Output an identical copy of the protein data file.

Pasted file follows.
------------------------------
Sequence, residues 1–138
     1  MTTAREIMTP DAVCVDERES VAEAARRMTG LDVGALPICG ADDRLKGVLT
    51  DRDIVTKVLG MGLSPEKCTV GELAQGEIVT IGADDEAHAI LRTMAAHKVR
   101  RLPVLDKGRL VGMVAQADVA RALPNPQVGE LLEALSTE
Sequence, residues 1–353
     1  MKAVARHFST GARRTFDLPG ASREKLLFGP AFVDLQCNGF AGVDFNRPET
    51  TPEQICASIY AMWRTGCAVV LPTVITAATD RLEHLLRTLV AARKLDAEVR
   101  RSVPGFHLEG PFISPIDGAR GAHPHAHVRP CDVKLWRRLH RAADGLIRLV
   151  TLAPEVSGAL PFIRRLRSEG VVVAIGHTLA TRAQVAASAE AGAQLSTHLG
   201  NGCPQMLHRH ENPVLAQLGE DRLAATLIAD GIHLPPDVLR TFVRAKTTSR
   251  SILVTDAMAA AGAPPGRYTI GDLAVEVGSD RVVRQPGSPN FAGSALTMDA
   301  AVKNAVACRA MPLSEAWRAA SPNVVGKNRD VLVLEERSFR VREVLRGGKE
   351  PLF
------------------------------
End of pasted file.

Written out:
Sequence, residues 1–138
     1  MTTAREIMTP DAVCVDERES VAEAARRMTG LDVGALPICG ADDRLKGVLT
    51  DRDIVTKVLG MGLSPEKCTV GELAQGEIVT IGADDEAHAI LRTMAAHKVR
   101  RLPVLDKGRL VGMVAQADVA RALPNPQVGE LLEALSTE
Sequence, residues 1–353
     1  MKAVARHFST GARRTFDLPG ASREKLLFGP AFVDLQCNGF AGVDFNRPET
    51  TPEQICASIY AMWRTGCAVV LPTVITAATD RLEHLLRTLV AARKLDAEVR
   101  RSVPGFHLEG PFISPIDGAR GAHPHAHVRP CDVKLWRRLH RAADGLIRLV
   151  TLAPEVSGAL PFIRRLRSEG VVVAIGHTLA TRAQVAASAE AGAQLSTHLG
   201  NGCPQMLHRH ENPVLAQLGE DRLAATLIAD GIHLPPDVLR TFVRAKTTSR
   251  SILVTDAMAA AGAPPGRYTI GDLAVEVGSD RVVRQPGSPN FAGSALTMDA
   301  AVKNAVACRA MPLSEAWRAA SPNVVGKNRD VLVLEERSFR VREVLRGGKE
   351  PLF